Book Review: William and Aída Spencer and Steve and Celestia Tracy's Marriage at the Crossroads

Many of us have longed for a sane, nuanced conversation around differing viewpoints on gender issues in marriage. The Spencers and Tracys have given us that conversation in this fine book. This is not a debate pitting egalitarian against complementarian and vice versa. This is a genuine conversation in which each couple has laid out their beliefs about the nature of Christian marriage, issues of headship and submission, marital roles and decision making, and, finally intimacy.

Book Review: Margaret Köstenberger's Jesus and the Feminists

How would feminists answer Jesus' question: "Who do you say that I am?" (Matt. 16:15). This is an intriguing question raised by Margaret Köstenberger (adjunct professor of women's studies at Southeastern Baptist Theological Seminary).

Book Review: Mignon R. Jacob's Gender, Power, and Persuasion

In Gender, Power, and Persuasion, Mignon Jacobs examines the ancient Genesis narratives with fresh insight and clarity. She weaves together both a faithful identification of key texts and a modern "multicritical" analysis of those texts. Indeed, this book is particularly relevant for egalitarians looking for different methodologies to address the gender issues of the familiar Genesis stories.

Book Review: Laceye Warner's Saving Women: Retrieving Evangelistic Theology and Practice

The church's patriarchal past (and present) is notorious for hiding and diluting the work of women for the kingdom of God. Laceye C. Warner removes the shadow from the evangelistic work of seven women from the nineteenth and twentieth centuries in her book Saving Women: Retrieving Evangelistic Theology and Practice. Dr. Warner is the associate dean for academic formation and associate professor of the practice of evangelism and Methodist studies at Duke Divinity School.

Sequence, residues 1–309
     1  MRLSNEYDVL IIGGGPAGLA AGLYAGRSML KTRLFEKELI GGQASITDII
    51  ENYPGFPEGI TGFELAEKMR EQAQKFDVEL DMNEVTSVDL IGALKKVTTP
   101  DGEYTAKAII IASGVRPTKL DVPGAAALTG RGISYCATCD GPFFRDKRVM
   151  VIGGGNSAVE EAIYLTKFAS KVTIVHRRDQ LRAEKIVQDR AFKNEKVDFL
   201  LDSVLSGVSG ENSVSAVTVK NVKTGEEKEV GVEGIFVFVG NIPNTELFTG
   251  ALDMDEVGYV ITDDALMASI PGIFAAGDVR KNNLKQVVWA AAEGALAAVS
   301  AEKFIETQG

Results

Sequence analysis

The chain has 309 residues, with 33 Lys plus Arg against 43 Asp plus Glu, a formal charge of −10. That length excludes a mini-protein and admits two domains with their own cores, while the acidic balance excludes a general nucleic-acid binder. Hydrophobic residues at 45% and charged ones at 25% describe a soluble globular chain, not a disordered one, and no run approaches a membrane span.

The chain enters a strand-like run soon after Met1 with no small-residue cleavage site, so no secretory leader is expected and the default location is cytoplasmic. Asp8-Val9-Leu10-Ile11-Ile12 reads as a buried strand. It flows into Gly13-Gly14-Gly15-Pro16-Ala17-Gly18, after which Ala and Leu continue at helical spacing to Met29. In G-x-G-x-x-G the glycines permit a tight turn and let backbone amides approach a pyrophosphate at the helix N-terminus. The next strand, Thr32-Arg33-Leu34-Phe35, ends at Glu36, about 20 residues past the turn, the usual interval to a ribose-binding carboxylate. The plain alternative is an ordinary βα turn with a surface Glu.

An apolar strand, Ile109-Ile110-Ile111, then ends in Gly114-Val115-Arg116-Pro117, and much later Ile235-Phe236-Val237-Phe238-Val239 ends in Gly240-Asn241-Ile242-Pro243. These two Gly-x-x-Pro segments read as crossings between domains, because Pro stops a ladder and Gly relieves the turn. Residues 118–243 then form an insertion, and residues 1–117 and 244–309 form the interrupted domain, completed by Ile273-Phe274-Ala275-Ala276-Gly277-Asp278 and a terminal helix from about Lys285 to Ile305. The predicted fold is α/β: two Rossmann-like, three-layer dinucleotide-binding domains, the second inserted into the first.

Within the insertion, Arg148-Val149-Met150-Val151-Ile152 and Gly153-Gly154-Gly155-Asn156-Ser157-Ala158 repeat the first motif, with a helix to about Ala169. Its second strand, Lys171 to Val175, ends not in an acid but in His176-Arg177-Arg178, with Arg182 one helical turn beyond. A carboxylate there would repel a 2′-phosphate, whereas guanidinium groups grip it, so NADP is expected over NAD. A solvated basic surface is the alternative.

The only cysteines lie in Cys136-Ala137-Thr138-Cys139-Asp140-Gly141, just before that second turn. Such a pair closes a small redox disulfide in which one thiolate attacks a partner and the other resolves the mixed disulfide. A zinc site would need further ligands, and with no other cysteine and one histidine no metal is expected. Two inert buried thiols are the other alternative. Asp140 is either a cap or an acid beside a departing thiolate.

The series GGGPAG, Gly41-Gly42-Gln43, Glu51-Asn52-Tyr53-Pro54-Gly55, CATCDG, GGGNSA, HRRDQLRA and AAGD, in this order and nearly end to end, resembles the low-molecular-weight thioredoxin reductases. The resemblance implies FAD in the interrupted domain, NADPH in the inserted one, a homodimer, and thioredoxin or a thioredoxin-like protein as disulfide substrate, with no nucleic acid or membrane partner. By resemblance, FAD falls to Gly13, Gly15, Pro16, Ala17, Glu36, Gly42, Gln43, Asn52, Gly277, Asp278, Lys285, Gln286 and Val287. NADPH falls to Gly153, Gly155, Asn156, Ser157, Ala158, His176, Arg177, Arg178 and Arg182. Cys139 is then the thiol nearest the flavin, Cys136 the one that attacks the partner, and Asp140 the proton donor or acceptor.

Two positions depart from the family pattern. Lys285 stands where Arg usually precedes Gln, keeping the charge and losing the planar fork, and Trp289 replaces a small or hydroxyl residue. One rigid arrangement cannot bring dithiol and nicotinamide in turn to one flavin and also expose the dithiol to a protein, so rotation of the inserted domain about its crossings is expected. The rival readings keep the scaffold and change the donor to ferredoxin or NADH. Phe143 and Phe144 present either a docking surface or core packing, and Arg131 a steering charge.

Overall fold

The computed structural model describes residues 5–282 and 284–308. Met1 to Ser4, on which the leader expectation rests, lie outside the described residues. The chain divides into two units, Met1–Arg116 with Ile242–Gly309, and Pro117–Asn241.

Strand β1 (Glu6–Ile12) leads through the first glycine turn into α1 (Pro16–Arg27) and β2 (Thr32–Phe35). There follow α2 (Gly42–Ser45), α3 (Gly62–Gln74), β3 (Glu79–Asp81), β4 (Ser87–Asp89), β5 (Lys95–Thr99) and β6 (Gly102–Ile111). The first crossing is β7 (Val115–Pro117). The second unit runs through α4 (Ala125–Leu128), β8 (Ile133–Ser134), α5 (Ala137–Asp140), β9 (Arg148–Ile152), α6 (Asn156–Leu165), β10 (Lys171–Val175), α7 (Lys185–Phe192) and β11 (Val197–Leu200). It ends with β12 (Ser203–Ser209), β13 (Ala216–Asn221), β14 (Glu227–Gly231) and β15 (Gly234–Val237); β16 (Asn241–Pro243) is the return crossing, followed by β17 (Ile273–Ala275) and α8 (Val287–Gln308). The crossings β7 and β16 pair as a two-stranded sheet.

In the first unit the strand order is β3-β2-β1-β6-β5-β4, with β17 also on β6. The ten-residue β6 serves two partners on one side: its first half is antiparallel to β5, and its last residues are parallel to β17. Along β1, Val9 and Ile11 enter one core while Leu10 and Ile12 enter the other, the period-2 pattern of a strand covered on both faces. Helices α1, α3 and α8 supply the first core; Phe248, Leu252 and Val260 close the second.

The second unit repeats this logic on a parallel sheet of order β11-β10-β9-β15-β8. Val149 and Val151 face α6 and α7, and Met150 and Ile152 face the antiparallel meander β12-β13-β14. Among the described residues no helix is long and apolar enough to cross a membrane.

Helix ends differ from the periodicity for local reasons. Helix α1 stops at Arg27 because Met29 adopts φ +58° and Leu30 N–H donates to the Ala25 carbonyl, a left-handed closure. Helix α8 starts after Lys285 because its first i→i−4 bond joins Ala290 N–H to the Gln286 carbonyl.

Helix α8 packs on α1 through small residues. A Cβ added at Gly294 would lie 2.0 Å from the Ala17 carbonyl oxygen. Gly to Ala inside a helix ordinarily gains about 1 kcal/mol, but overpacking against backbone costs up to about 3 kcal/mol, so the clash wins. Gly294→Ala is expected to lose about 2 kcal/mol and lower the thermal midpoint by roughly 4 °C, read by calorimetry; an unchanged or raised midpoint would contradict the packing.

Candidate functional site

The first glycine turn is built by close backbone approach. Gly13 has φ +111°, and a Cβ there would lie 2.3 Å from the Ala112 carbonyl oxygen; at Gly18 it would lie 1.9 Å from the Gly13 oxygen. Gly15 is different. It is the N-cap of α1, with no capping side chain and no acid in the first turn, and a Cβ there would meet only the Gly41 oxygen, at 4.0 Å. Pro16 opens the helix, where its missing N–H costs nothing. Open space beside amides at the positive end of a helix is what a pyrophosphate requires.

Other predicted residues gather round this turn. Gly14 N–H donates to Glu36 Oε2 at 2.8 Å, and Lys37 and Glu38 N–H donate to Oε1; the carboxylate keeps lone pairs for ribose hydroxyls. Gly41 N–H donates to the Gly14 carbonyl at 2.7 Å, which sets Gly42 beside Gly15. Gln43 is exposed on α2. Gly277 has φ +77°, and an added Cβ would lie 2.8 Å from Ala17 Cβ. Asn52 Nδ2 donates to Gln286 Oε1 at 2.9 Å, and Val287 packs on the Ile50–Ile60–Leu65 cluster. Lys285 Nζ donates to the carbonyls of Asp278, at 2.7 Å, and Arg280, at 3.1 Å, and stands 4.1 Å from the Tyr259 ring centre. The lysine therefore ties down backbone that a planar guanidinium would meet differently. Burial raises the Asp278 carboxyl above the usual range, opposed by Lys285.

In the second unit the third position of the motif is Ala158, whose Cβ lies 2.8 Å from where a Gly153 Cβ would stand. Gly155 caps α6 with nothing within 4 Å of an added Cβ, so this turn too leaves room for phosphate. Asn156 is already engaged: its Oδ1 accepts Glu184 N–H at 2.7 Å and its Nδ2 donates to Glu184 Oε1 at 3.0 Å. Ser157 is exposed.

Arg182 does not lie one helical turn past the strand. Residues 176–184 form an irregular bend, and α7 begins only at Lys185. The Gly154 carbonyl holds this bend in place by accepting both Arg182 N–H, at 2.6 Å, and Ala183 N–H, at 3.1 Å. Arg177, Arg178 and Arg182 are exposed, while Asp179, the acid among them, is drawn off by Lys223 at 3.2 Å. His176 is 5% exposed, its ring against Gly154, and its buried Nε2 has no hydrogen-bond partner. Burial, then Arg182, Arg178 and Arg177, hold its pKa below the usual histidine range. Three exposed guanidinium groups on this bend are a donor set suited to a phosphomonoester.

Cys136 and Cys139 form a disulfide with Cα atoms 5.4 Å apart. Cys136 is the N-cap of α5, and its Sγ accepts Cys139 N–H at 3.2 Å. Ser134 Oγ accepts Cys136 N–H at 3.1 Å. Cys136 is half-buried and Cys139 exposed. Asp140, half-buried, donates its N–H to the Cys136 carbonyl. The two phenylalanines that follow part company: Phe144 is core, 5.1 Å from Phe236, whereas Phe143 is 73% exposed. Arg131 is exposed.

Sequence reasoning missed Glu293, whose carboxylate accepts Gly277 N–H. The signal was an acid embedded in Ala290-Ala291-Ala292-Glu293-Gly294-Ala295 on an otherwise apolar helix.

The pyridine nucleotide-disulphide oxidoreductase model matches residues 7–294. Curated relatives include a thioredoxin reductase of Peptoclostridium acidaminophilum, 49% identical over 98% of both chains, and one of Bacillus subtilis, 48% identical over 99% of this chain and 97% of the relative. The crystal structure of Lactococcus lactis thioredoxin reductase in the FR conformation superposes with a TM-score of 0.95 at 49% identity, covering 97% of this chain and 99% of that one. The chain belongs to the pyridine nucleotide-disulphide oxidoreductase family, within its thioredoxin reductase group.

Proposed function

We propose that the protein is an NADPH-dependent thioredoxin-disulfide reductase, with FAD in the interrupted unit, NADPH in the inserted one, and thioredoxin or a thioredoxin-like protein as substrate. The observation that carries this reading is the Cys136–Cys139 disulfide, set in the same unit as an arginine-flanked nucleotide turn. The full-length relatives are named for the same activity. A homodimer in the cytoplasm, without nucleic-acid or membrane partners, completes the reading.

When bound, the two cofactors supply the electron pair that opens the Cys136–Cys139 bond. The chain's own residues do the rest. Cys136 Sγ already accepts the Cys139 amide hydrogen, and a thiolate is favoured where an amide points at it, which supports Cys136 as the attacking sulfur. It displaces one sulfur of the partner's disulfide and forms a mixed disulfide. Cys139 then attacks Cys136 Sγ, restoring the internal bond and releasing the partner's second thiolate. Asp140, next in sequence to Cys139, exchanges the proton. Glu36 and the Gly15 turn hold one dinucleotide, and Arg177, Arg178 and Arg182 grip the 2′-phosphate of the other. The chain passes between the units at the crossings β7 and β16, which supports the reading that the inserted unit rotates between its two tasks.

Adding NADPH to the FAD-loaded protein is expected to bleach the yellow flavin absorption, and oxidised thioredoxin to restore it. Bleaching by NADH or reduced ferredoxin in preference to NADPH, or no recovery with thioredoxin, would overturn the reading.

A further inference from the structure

Book Review: Margaret English's Removing the Veil

Removing the Veil was written to affirm the place of women in God's economy. Author Margaret English gives special attention to the subject of women in ministry and maintains that women should be permitted full participation in ministry on an equal basis with men. The author draws from Scripture, her own personal testimony, and facts from church history as she presents evidence in support of equality in ministry. Anyone interested in the subject of women in ministry might read this book, but it was written with pentecostal/charismatic women in mind.

Book Review: Jackson Katz's The Macho Paradox

Violence against women is an ugly reality in our fallen world. And the more one studies this subject and the more one listens to women, the uglier it gets. This makes The Macho Paradox: Why Some Men Hurt Women and How All Men Can Help a particularly welcome addition to the literature on male violence against women. Jackson Katz, a well-respected "anti-sexist male activist" and national leader in gender violence prevention, tackles this subject with candor, yet hope.

Book Review: Kristina LaCelle-Peterson's Liberating Tradition

Kristina LaCelle-Peterson writes a compelling outline of Christian feminism that serves as a valuable tool for the average evangelical seeking more refined and informed thinking about gender from a biblical perspective. The book's title hints at its ambitious purpose: to liberate evangelicals from cultural trappings that have misdirected our reading of Scripture, our family structures, and our models of church participation.

Pages

Subscribe to RSS - Priscilla Papers